2600 Chemed Center
Our goal is to be the premier provider of a variety of repair and maintenance services to both residential and commercial accounts. As always, we'll continue to listen to our customers and to expand our service offerings to meet and exceed their changing expectations.
Roto-Rooter, Inc. ranks as the leading provider of plumbing and drain-cleaning services in North America. Through company-owned outlets, independent contractors, and franchisees, Roto-Rooter serves more than 90 percent of the U.S. population and about 55 percent of the population of Canada. Franchise operations have also been established in Australia, China, Indonesia, Japan, Mexico, the Philippines, and the United Kingdom. Roto-Rooter serves residential, business, and municipal customers. While about 80 percent of the corporation's revenues in 2002 were derived from the plumbing services operations, subsidiary Service America Systems, Inc. generated the remainder. Based in Deerfield Beach, Florida, Service America offers residential and commercial customers throughout Florida and in Phoenix, Arizona, appliance and heating/air conditioning repair, maintenance, and replacement services. In addition, Roto-Rooter, Inc. reached an agreement in late 2003 to take full ownership of VITAS Healthcare Corporation, a Miami-based provider of hospice care for terminally ill patients, operating in major metropolitan areas of eight states: California, Florida, Illinois, New Jersey, Ohio, Pennsylvania, Texas, and Wisconsin. With more than 5,700 employees and fiscal 2003 revenues of $420 million, VITAS is the largest hospice provider in the United States.
The Roto-Rooter, Inc. parent company was known as Chemed Corporation until May 2003. Chemed evolved out of W.R. Grace & Company's Specialty Products Group, gaining its independence in 1982. One of Chemed's operating units was the Roto-Rooter plumbing services company, which had been acquired in 1980. Chemed took Roto-Rooter public in 1985, retaining majority ownership, but then reacquired full ownership of the subsidiary 11 years later. Service America was created as a subsidiary of Roto-Rooter in the early 1990s. Other operations of Chemed were divested between 1986 and 2002, precipitating the parent company's name change.
From DuBois Soap Company to Chemed Corporation
Chemed Corporation's history dates back to the founding of the DuBois Soap Company. In June 1920 a confident and ambitious salesman named T.V. DuBois decided to open his own business. DuBois established the DuBois Soap Company in a rented building, a small, four-story structure in Cincinnati, Ohio, adjacent to the Ohio River. The fledgling operation made soap chips and powders for the city's growing restaurant trade. Within a few short years, the firm was selling its products all over the state. As revenues increased, additional employees were added to the payroll.
DuBois Soap Company survived the bleak years of the Great Depression in good financial condition. During the late 1930s and early 1940s the company expanded its restaurant dishwashing product line to encompass a whole range of different items, including industrial cleaning and maintenance products for other industries. Soon DuBois was servicing restaurants, steel companies, heavy manufacturing firms, and food processing plants. With the rapid expansion of its product line, the company decided to increase the amount of space for its administrative and manufacturing facilities in Cincinnati. By the end of World War II, the company was producing a huge variety of cleaning and maintenance products and had developed a reputation as one of the leaders in the specialty chemical industry.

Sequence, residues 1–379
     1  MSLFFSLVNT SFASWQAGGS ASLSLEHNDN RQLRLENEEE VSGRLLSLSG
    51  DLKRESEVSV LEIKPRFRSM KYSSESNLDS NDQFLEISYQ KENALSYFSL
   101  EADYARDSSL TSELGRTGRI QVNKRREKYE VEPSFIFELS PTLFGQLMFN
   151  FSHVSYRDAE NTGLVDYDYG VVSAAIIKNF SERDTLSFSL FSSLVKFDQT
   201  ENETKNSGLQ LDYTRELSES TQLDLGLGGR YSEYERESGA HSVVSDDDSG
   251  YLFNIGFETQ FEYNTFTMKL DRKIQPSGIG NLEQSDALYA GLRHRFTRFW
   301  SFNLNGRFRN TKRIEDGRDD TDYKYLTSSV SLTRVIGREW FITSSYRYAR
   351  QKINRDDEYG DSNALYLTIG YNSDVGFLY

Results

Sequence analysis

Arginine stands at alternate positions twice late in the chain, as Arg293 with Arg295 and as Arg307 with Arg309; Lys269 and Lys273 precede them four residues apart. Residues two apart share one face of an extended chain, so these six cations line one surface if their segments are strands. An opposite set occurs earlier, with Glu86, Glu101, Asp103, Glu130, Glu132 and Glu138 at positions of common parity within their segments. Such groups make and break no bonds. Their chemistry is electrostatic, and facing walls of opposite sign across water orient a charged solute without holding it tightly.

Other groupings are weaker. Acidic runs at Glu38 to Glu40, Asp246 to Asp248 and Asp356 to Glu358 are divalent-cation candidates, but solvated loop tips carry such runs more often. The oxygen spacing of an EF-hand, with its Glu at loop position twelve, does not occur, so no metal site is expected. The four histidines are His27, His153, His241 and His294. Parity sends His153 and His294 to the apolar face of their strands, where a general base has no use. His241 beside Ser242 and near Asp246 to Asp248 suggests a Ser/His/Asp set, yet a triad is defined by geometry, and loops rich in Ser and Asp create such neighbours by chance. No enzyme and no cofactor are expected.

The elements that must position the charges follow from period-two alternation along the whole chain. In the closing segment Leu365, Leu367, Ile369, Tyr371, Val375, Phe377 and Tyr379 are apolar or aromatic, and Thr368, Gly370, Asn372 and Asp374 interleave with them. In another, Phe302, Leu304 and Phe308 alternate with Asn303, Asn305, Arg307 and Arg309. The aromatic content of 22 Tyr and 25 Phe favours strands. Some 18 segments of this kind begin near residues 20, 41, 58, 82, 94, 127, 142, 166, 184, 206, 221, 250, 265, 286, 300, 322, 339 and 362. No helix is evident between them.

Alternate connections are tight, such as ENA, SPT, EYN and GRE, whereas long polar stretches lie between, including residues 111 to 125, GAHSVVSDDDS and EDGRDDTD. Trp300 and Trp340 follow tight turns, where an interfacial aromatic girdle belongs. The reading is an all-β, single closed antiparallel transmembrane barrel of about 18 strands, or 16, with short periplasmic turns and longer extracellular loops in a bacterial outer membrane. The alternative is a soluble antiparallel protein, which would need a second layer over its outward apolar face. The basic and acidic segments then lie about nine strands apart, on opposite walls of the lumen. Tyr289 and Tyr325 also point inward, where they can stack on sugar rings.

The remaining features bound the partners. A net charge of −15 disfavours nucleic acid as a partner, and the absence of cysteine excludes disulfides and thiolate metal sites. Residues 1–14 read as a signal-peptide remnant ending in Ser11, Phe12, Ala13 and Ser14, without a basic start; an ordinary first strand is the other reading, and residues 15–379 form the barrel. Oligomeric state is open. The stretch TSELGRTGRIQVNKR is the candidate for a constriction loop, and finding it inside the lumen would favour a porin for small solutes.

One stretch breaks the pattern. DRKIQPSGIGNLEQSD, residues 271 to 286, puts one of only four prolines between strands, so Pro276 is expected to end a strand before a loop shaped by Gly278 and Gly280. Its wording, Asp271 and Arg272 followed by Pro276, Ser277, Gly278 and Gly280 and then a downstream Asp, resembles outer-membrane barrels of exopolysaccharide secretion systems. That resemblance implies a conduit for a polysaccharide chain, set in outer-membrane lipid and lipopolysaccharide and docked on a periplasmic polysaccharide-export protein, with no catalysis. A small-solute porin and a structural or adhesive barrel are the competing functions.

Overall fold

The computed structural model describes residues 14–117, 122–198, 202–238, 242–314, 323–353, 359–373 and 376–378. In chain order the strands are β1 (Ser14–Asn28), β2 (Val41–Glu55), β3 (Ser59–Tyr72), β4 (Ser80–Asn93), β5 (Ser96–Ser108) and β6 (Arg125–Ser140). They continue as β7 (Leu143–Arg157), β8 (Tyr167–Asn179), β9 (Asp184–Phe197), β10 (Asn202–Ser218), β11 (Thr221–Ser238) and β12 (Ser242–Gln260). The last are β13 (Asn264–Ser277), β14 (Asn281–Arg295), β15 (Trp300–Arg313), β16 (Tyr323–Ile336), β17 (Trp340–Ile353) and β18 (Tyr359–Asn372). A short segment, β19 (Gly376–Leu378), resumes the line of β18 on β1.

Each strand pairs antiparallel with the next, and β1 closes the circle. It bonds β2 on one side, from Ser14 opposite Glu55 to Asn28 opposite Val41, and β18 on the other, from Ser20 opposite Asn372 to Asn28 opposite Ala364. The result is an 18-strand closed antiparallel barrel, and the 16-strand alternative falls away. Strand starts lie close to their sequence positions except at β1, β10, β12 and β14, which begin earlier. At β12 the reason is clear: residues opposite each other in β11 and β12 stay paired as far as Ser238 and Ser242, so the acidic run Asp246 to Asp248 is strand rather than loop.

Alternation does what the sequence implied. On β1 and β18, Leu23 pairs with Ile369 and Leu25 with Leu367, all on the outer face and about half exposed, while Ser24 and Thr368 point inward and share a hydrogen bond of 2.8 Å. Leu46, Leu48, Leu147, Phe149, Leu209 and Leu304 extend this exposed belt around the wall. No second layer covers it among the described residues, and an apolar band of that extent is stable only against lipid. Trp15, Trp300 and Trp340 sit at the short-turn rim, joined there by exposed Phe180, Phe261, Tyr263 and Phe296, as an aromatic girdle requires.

During the late 1940s and throughout the 1950s, DuBois developed its sales network and expanded its manufacturing plants. Three new facilities were built in California, New Jersey, and Texas. As DuBois's revenues increased, the company came to the attention of W.R. Grace & Company, a large conglomerate with holdings in the chemical, manufacturing, retail, fertilizer, food products, and restaurant industries. In 1964 Grace acquired DuBois and incorporated the company into its Specialty Products Group, renaming the firm the DuBois Chemicals Division. In 1971 Grace management transformed its specialty chemicals group, which included the DuBois Chemicals Division, into the Chemed Corporation, which had been incorporated as a Grace subsidiary the previous year. DuBois Chemicals developed and manufactured professional cleaning and maintenance chemicals, dispensing equipment, and processing compounds. It served as the single largest area of operation within Chemed. While Grace maintained ownership of the majority of Chemed stock, the company was given autonomy to develop its own products. In July 1980 Chemed acquired Roto-Rooter Corp. for $23 million in cash and stock.
Depression-Era Founding of Roto-Rooter
Roto-Rooter was founded in 1935 by Samuel Oscar Blanc in West Des Moines, Iowa. Born in Wisconsin in 1883, Blanc had been forced to quit school in the fifth grade, when his father committed suicide. He traveled throughout the Pacific Northwest working as a lumberman and telephone linesman during the first decade of the 20th century, returning to Wisconsin in 1906 to marry. Blanc had taken a variety of sales jobs over the course of the ensuing two decades, but like so many other Americans in the Depression era, was limited to odd jobs by the early 1930s. Little did he know that a backed-up toilet would lead to a permanent career.